The Istrian peninsula is still quite a secret place. Located between the Venice lagoon and the Kvarner Bay in the northern Adriatic it is incredibly easy to get to and explore.
The borders and rulers of Istria have changed so many times throughout history. The biggest empires to claim this peninsula were the Romans, the Venetians and the Austro-Hungarians. Evidence of these strong rulers remain to this day: the sixth largest amphitheatre in the world and temple of Augustus in the town of Pula date from 27BC-68 AD, fine examples of Venetian architecture can be found in the main towns and villages throughout Istria whilst permission was granted from Vienna to construct the narrow-gauge railway line Parenzana, built in the last days of the Austro-Hungarian empire.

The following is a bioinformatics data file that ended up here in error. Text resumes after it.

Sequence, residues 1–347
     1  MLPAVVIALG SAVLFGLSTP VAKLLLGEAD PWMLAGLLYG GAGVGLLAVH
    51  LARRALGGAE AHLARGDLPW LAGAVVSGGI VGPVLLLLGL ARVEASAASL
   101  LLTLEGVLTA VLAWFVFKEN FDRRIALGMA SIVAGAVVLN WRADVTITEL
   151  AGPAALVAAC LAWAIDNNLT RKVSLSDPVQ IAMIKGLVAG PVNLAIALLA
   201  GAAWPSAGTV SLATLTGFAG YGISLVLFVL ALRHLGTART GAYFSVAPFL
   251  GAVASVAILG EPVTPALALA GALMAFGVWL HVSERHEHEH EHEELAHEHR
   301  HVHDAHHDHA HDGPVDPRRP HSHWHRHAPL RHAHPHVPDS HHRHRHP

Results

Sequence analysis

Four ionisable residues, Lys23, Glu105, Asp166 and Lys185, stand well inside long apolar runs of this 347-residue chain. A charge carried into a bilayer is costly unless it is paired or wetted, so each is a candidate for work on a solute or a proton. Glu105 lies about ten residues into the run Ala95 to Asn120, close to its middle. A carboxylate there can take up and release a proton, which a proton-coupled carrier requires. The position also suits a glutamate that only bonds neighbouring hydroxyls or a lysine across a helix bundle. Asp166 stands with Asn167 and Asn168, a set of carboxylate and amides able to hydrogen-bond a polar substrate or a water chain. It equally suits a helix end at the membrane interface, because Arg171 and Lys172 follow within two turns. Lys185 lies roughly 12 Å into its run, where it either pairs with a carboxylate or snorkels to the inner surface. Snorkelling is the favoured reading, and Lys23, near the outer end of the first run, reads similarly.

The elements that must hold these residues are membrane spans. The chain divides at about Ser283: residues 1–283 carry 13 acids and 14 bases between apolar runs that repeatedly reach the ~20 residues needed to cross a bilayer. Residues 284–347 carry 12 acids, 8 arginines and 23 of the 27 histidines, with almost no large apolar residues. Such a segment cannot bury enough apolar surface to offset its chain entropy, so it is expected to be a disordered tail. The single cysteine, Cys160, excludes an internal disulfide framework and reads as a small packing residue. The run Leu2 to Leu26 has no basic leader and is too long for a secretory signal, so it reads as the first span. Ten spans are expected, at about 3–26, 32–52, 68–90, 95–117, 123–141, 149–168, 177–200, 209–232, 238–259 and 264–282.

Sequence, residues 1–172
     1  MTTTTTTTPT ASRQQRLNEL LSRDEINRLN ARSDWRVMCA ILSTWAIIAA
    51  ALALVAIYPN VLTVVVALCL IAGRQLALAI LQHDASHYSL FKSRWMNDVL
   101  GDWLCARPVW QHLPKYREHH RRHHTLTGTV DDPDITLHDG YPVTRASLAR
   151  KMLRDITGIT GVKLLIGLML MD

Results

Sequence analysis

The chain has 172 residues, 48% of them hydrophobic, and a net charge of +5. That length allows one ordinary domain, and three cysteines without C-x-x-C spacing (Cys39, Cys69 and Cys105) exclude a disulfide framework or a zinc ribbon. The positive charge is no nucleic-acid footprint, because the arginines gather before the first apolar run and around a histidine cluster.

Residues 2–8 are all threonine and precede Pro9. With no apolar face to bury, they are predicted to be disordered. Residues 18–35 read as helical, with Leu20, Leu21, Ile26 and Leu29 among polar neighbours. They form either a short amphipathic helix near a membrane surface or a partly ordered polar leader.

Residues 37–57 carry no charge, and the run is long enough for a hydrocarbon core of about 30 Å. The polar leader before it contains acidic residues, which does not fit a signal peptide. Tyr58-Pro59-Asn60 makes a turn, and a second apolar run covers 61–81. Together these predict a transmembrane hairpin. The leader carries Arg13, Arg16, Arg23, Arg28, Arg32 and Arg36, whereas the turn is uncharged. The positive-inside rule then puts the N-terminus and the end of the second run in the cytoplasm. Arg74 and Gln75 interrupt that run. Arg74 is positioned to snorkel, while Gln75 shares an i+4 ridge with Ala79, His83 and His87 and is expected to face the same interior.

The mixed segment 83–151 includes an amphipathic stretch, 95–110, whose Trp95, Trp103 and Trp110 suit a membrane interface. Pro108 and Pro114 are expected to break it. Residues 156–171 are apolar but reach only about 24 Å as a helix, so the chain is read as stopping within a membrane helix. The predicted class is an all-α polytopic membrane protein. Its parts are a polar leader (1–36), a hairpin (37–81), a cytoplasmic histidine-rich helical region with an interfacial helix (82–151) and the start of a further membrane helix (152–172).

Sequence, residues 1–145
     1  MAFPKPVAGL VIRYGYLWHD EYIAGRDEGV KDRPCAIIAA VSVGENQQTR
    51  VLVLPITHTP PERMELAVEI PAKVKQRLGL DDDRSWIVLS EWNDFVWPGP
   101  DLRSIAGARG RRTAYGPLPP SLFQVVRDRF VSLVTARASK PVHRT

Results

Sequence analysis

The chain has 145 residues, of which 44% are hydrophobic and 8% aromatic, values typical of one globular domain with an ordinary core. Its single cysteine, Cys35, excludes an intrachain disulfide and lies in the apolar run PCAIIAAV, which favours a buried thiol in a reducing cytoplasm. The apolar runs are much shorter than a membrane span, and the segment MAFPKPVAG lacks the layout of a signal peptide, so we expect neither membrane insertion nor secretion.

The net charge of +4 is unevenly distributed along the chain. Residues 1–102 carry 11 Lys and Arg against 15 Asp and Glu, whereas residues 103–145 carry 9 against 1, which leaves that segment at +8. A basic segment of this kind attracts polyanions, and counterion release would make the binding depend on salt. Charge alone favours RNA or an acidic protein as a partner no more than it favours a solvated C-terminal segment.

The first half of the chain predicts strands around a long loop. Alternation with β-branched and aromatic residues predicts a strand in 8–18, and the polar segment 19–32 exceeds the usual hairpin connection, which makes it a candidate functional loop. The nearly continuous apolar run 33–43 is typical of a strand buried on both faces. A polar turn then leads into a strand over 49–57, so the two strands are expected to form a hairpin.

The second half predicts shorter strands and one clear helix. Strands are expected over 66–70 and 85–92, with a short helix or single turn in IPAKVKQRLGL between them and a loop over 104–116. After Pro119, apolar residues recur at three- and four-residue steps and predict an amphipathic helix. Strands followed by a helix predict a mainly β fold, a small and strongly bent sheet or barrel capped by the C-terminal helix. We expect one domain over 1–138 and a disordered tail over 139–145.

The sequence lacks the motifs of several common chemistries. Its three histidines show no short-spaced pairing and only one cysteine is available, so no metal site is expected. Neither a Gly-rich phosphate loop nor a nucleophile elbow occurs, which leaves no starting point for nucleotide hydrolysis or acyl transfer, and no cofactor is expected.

Istria is very famous for its cuisine which is based on great tasting, fresh, locally produced ingredients, seasonal vegetables, sea food and olive oil. The desire to keep it that way means the Istrian identity and traditions are being preserved. More and more word is emerging that Istria is a gourmet destination, whether buying from a roadside seller or tasting on the dining table, go discover!
According to the 1910 Encyclopedia Britannica Istrian olive oil was already famous in Roman times and the Teran red wines were well known. How wonderful both are still being produced, and together with the famous white truffles to be found in the interior, they form a trio of Istria’s major attractions.